PPP: Update on “Necessity” Requirement

Lewitt Hackman
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Lewitt Hackman

(as of May 13, 2020)

On March 27, 2020, Congress passed and the President signed into law the Coronavirus Aid, Relief, and Economic Security Act (“CARES Act”), which is an approximately $2 trillion stimulus and economic relief package. One principal feature is the Paycheck Protection Program (“PPP”), to be administered by the Small Business Administration (“SBA”). On April 24, 2020, the President signed into law the Paycheck Protection Program and Health Care Enhancement Act, providing additional funds for the PPP (the “Enhancement Act”).

On April 23, 2020, the SBA, in consultation with the U.S. Treasury, added a new standard of eligibility, not previously provided, which requires all borrowers, even those who have already received PPP loan proceeds, to assess their economic need for a PPP loan. Borrowers must be able to certify in good faith that current economic uncertainty makes the PPP loan request necessary to support the ongoing operations of the borrower, and requires a borrower to:

“tak[e] into account their current business activity and their ability to access other source of liquidity sufficient to support their ongoing operations in a manner that is not significantly detrimental to the business.”

With respect to those borrowers who applied for a PPP loan prior to the issuance of such new SBA guideline, and who now believe they are no longer eligible, the SBA provides a safe harbor provided such borrower repays the PPP loan by May 14, 2020 (originally May 7, 2020).

This morning, the SBA added a new Item 46 to its Frequently Asked Questions, which clarifies how the SBA will review a borrower’s required good faith certification concerning the “necessity” of their loan request, and the consequences should the SBA determine that the borrower lacked an adequate basis to make such certification.

LESS THAN $2,000,000. With respect to any borrower, who together with its affiliates, borrows less than $2,000,000 under the PPP program, the SBA shall deem such borrower’s certification of necessity to have been made in good faith.

$2,000,000 OR MORE. With respect to any borrower, who together with its affiliates, borrows $2,000,000 or more under the PPP program, if the SBA determines upon its review that a borrower lacked an adequate basis for the required certification of necessity, the SBA will:

(a) seek repayment of the outstanding PPP loan balance; and

(b) inform the lender that the borrower is not eligible for forgiveness.

If the borrower repays the PPP loan after such notice from the SBA, the SBA has stated that it will not pursue administrative enforcement or referrals to other agencies based on its determination with respect to certification concerning necessity of the loan request.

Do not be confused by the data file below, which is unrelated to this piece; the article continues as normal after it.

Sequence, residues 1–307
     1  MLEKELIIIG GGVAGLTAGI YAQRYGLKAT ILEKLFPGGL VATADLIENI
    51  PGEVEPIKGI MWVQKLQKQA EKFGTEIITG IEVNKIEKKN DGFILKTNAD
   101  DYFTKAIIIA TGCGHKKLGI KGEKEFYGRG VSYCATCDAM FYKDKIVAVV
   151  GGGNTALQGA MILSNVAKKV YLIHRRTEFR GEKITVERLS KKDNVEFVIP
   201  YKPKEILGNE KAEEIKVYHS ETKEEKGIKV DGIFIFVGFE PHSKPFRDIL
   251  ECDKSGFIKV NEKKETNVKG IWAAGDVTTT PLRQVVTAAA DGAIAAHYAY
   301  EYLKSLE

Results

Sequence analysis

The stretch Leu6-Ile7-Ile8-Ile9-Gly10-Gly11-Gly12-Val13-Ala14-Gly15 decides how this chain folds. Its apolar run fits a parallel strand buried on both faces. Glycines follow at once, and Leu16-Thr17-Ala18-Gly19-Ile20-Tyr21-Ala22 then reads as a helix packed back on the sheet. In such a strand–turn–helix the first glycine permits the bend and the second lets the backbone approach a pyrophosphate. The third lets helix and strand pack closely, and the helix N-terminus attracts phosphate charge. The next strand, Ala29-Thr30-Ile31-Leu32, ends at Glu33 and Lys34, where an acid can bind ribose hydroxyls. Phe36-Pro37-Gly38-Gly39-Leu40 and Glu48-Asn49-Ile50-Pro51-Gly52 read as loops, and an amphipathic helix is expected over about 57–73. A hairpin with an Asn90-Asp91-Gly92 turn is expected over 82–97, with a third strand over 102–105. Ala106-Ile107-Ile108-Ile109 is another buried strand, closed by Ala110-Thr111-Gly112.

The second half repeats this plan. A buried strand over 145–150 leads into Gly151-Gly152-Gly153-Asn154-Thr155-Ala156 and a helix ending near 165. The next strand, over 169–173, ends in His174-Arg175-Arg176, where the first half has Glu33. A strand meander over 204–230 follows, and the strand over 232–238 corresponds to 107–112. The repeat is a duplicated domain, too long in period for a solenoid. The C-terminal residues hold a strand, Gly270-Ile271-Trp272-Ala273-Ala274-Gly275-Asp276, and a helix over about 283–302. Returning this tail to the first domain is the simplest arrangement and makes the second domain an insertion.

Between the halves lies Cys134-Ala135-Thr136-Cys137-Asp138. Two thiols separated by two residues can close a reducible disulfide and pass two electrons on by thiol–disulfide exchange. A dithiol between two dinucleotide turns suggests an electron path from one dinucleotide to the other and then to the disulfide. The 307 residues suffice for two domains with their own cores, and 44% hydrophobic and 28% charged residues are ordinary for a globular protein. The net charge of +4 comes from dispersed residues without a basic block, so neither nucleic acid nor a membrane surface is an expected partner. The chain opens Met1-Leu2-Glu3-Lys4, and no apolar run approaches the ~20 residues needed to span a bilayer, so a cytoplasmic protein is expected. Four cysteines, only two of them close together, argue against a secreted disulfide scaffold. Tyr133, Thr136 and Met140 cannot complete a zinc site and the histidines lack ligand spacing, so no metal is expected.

Specifically, FAQ Question 46 provides as follows:

46. Question: How will SBA review borrowers’ required good-faith certification concerning the necessity of their loan request?

Answer: When submitting a PPP application, all borrowers must certify in good faith that “[c]urrent economic uncertainty makes this loan request necessary to support the ongoing operations of the Applicant.” SBA, in consultation with the Department of the Treasury, has determined that the following safe harbor will apply to SBA’s review of PPP loans with respect to this issue: Any borrower that, together with its affiliates, received PPP loans with an original principal amount of less than $2 million will be deemed to have made the required certification concerning the necessity of the loan request in good faith.

SBA has determined that this safe harbor is appropriate because borrowers with loans below this threshold are generally less likely to have had access to adequate sources of liquidity in the current economic environment than borrowers that obtained larger loans. This safe harbor will also promote economic certainty as PPP borrowers with more limited resources endeavor to retain and rehire employees. In addition, given the large volume of PPP loans, this approach will enable SBA to conserve its finite audit resources and focus its reviews on larger loans, where the compliance effort may yield higher returns.

Importantly, borrowers with loans greater than $2 million that do not satisfy this safe harbor may still have an adequate basis for making the required good-faith certification, based on their individual circumstances in light of the language of the certification and SBA guidance. SBA has previously stated that all PPP loans in excess of $2 million, and other PPP loans as appropriate, will be subject to review by SBA for compliance with program requirements set forth in the PPP Interim Final Rules and in the Borrower Application Form. If SBA determines in the course of its review that a borrower lacked an adequate basis for the required certification concerning the necessity of the loan request, SBA will seek repayment of the outstanding PPP loan balance and will inform the lender that the borrower is not eligible for loan forgiveness. If the borrower repays the loan after receiving notification from SBA, SBA will not pursue administrative enforcement or referrals to other agencies based on its determination with respect to the certification concerning necessity of the loan request. SBA’s determination concerning the certification regarding the necessity of the loan request will not affect SBA’s loan guarantee.

DISCLAIMER: Because of the generality of this update, the information provided herein may not be applicable in all situations and should not be acted upon without specific legal advice based on particular situations.

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